XC schooling is uuhhhhhhmaaazziiiiinnnggg!!!

This weekend was a pretty freaking good one.  Saturday I worked on data analysis with some labmates and had a pretty good time, surprisingly, helped others (what! I knew enough about data analysis to be helpful?!) and was helped in turn.  So that was pretty awesome.  Rode Murray briefly, just asking him to stretch down into the contact and move out at the trot at the same time, which is soooo haaaaarrrrdddd, and did lots of walking poles to limber up his back and stretch him out for XC Sunday.  Then I came home and did no writing which was very naughty.


We went to Camelot Equestrian Park, which I have spoken about before.  It’s a super fun, huuuuuuuuuuuuuuge, and this year they are holding their first ever rated event and so are revamping all their jumps and footing.  Despite being in a drier area of California (though they did get lots of rain this year), they have do an amazing job with their footing and put tons of care into it.  This weekend it was seriously like riding on a cloud.  Even the loudest horses made absolutely no noise.

IMG_3457Training battering ram. All their jumps are Camelot themed!!

Literally the only downside to Camelot is that it’s a two hour drive away — and every other facility is further so whatever.  Everything else about them is so freaking fantastic I can’t even handle it.  They have pipe panel stalls available for you to keep your horse in for the included in the facility use fee.  They have like 500 miles of trails.  They have two stadium arenas.  They have two dressage courts with great sand and an awesome warm up that doubles as their long court when in times of need.

I digress.  Anyway.  Murray got to hang around in a paddock while the first group schooled, and then I took my time getting him ready.  He’s been on omeprazole for three days now, and I’ve not noticed a huge difference, but he certainly was very easy to tack up.  I’m not sure if that’s the changes I’ve made in my tack-up procedure, the fact that he got some time to relax after getting there, or what, but it was nice.  I was schooling in a beginner novice+ group with three friends.  I warned everybody that Murray and I may need to split off from the group because in the past he’s struggled with schooling in groups — he gets really confused and doesn’t take direction well, and then will go any direction but forward until literally one stride before a jump.  It’s not fun/the best/productive for horse or rider.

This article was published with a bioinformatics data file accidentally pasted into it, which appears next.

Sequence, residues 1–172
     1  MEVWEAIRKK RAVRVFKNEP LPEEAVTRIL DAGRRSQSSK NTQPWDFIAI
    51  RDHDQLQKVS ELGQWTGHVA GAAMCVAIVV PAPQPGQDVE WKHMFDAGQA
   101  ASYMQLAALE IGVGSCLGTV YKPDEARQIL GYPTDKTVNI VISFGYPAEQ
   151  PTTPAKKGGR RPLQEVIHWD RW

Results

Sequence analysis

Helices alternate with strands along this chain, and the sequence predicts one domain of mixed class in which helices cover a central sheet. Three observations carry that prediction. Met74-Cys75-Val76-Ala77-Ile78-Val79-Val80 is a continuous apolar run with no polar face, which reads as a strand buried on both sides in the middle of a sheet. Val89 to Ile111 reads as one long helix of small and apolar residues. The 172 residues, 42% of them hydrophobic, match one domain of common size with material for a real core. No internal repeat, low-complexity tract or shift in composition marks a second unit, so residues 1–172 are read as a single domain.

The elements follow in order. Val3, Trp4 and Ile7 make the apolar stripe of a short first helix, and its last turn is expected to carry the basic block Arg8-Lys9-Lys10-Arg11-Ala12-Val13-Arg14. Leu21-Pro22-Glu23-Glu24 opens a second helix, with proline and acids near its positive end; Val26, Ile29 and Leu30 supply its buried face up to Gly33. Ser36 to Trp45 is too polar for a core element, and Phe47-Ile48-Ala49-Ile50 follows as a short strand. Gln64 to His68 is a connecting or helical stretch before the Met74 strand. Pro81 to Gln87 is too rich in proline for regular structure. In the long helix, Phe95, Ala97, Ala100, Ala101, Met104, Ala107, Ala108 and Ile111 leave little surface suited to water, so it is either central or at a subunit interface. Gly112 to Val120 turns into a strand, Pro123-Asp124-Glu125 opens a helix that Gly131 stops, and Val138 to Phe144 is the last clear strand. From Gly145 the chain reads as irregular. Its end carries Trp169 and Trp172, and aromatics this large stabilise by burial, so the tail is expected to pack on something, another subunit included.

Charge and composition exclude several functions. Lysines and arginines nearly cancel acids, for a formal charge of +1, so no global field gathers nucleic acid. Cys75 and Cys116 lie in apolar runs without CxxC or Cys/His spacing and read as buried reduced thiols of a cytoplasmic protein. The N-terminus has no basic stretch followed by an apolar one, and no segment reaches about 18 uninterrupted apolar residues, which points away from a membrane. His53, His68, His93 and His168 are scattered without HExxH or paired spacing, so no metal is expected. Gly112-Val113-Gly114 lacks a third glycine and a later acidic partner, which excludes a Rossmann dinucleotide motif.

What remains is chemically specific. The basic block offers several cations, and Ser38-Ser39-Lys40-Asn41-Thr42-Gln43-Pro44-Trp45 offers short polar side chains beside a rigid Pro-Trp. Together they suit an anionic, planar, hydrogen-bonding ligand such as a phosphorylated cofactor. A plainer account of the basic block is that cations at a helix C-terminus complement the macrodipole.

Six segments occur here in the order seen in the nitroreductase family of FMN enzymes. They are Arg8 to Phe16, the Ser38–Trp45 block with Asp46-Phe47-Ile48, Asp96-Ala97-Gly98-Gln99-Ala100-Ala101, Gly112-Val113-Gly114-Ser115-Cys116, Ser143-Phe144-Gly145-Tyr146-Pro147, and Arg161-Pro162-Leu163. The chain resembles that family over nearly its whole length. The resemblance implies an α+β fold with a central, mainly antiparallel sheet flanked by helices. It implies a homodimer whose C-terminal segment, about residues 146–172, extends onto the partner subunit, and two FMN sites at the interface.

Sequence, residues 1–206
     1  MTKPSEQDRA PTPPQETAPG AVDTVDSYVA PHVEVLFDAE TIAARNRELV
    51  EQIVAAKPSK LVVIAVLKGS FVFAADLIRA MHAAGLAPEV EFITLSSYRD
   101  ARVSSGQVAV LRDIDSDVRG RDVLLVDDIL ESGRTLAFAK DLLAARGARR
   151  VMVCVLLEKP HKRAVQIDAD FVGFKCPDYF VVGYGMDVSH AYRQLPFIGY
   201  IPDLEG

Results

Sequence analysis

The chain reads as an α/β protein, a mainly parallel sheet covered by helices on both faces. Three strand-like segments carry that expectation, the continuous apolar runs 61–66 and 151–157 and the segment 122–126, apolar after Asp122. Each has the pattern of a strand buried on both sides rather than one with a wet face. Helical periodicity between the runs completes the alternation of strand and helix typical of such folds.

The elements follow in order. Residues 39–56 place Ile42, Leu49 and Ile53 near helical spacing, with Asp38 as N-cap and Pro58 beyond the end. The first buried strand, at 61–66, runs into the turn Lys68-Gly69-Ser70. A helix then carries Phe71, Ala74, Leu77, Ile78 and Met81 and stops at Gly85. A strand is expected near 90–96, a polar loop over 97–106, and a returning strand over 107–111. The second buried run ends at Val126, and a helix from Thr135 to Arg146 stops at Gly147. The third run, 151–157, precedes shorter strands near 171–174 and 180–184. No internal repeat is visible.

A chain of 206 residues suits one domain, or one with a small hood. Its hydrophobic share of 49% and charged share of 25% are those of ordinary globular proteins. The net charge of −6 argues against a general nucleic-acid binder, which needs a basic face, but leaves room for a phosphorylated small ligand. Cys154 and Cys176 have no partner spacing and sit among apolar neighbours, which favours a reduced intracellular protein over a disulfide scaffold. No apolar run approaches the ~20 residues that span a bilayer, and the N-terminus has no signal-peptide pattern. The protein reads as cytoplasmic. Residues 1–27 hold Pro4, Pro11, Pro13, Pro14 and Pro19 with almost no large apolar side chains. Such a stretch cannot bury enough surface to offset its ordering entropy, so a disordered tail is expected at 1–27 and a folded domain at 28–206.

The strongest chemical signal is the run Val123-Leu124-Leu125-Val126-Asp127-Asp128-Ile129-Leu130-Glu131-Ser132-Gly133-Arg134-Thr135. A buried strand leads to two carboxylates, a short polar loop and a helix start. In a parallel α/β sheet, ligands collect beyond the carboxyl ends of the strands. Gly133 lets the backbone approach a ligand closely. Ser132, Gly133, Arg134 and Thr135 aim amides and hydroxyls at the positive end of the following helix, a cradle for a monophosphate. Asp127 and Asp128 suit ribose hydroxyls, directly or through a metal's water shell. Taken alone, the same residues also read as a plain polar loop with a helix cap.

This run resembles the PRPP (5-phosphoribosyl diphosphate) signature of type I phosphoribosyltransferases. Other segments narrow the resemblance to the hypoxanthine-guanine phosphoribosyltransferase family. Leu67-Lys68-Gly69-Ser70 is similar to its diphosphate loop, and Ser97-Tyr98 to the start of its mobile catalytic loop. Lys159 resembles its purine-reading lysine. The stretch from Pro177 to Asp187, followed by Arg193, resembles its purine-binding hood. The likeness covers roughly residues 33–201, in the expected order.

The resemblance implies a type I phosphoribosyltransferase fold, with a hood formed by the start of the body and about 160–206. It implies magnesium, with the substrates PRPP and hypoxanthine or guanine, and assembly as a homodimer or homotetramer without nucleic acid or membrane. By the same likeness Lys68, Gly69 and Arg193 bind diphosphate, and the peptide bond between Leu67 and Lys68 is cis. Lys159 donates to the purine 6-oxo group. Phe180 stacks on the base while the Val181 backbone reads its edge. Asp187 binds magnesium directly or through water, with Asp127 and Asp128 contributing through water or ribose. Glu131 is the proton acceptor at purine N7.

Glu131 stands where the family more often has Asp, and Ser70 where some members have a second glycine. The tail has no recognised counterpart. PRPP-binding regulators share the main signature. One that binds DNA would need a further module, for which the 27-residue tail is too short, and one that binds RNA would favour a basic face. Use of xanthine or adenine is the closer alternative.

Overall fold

So we got out there and started schooling the water, and except for a few spooks thanks to some 15 mph winds, Murray was really solid.  We walked another horse through the water, and we started trotting and cantering and warming ourselves up.  My friend’s horse, who LOOOOVES him some XC, was pretty raring to go sp let out a few small bucks, and Murray seemed to take that as an indication that he, too, should bring out his best moves.

IMG_3747Look, internet, I invented a new gait! I’m a five gaited horse!

IMG_3749Coming down from a buck — devastated my photog didn’t get the full extension on this one.

He bucked all around, in the water, through the water, all around, and then bucked some more.  But hey! At least we had forward!

One of the huge benefits of schooling with a group of adults is that everyone helps things run smoothly and communication is fluid.  We were all warmed up and through the water by the time Alana came over to get us started, and we promptly headed out to our warm up fences.  Murray takes warm up very seriously.